The present law on divorce is largely contained in the Matrimonial Causes Act 1973. This provides the ground for divorce and the financial orders which can be made when a divorce takes place, and sets out the factors to which the court has regard in making these orders.
Divorce proceedings can begin when a couple have been married for at least one year.
Divorce petitions are relatively simple documents and can be bought at law stationers’. Where couples have had short marriages, have no children and have agreed on how their assets should be divided there is no reason why they should not undertake the process themselves, provided they each obtain advice as to their respective financial situations and the desirability of concluding matters with an agreed order which will have the effect of dismissing their financial claims against each other for the future.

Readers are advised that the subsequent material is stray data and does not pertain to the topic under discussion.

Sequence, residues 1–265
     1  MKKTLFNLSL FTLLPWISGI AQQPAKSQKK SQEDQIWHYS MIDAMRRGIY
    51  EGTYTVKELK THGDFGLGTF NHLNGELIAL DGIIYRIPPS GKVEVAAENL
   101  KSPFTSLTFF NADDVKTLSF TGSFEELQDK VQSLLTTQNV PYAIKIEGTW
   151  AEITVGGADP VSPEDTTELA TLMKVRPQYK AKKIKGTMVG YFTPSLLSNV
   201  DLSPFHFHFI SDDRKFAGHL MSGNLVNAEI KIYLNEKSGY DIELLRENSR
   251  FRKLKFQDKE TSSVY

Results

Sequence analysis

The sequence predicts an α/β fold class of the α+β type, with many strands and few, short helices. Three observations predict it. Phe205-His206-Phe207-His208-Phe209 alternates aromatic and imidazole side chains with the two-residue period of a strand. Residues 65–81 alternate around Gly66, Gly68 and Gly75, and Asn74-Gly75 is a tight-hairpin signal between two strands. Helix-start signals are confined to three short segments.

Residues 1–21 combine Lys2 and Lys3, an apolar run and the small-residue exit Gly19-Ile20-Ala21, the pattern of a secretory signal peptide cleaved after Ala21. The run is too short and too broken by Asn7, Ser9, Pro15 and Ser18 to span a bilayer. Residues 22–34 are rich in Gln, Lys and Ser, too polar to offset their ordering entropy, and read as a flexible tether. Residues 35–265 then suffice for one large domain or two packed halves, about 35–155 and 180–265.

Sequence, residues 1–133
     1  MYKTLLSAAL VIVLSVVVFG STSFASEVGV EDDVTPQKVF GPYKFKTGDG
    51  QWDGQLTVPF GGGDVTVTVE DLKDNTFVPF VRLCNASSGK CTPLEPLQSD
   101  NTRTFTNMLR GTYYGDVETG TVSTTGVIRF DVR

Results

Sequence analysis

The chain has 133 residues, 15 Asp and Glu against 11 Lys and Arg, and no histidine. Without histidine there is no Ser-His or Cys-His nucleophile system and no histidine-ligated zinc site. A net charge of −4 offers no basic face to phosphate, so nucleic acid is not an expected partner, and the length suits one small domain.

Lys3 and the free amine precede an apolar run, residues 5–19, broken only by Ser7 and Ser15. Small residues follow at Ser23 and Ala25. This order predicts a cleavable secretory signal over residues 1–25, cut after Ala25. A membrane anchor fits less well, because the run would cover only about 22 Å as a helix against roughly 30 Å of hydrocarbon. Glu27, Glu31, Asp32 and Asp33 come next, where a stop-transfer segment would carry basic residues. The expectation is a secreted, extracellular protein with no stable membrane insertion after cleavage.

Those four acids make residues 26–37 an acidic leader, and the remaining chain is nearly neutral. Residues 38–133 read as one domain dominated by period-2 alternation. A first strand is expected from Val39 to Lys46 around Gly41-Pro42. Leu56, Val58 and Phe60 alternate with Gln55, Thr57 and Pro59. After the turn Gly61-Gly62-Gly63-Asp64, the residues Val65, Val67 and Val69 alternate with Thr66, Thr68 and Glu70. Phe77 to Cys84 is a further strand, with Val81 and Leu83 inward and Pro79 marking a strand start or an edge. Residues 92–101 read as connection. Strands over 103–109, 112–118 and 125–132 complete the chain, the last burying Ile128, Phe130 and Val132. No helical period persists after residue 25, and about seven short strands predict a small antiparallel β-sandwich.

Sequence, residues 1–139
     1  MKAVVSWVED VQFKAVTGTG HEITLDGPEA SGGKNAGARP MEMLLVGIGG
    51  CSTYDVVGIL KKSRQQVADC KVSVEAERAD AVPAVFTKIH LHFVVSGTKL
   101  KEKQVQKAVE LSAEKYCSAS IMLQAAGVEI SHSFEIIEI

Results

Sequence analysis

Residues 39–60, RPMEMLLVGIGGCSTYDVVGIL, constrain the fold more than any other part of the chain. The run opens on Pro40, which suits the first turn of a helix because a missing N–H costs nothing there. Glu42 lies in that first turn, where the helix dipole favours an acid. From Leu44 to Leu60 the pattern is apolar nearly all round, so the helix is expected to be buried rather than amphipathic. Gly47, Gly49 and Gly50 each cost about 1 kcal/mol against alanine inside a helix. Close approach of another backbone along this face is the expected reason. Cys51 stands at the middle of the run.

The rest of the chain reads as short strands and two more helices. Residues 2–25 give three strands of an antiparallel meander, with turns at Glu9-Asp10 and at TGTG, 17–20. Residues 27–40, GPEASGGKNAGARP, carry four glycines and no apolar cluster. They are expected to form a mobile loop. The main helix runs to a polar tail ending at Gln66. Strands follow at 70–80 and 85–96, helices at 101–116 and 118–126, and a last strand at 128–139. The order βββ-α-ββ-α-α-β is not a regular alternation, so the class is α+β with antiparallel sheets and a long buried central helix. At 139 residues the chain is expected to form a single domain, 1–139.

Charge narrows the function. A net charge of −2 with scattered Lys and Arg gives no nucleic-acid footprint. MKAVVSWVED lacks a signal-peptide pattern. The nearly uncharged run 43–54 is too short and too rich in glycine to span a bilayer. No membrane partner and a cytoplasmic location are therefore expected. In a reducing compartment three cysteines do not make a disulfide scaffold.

Reference has already been made to the fact that although the one ground for divorce is the irretrievable breakdown of the marriage, it can be evidenced by one of five facts (Chapter 2). Because the majority of divorcing couples cannot afford to wait for a divorce based on two years’ separation, it is more usual to allege unreasonable behaviour or adultery. Happily, in the latter case, it is no longer necessary to name the third party. If it is important to proceed on the evidence of unreasonable behaviour and agreement has been reached on financial questions, it is tactful to ensure that the spouse who is the subject of the allegation sees the document in advance. Allegations which are unexpected can stoke up fires of bitterness.
The behaviour complained of should not consist of a mixture of trivial and serious allegations. The list should be confined to a few